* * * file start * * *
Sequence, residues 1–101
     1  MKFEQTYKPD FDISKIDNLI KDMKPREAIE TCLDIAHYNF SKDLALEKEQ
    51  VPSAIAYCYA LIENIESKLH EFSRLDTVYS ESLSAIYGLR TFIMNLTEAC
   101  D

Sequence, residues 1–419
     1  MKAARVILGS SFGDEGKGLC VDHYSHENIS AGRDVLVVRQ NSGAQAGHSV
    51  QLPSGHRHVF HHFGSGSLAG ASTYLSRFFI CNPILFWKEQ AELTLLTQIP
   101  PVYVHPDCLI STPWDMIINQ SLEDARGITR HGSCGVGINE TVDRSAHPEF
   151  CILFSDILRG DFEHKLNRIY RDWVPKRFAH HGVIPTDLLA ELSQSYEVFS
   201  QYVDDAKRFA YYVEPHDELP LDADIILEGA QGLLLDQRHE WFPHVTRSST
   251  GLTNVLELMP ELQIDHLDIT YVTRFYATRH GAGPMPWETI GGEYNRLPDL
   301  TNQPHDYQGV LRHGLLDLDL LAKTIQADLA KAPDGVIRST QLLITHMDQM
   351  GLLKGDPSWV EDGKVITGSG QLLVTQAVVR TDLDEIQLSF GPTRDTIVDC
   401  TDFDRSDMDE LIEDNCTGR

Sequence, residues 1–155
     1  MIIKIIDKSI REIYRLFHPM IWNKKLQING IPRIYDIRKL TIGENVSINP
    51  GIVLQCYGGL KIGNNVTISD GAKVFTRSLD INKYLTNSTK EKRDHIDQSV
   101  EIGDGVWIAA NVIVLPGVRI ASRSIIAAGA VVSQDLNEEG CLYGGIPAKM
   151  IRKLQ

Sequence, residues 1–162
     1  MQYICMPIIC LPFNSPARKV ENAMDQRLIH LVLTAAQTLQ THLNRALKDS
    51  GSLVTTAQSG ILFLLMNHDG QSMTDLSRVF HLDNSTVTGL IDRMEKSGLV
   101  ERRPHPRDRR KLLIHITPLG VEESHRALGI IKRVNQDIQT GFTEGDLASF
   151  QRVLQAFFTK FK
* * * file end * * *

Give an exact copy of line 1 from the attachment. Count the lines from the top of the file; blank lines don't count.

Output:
Sequence, residues 1–101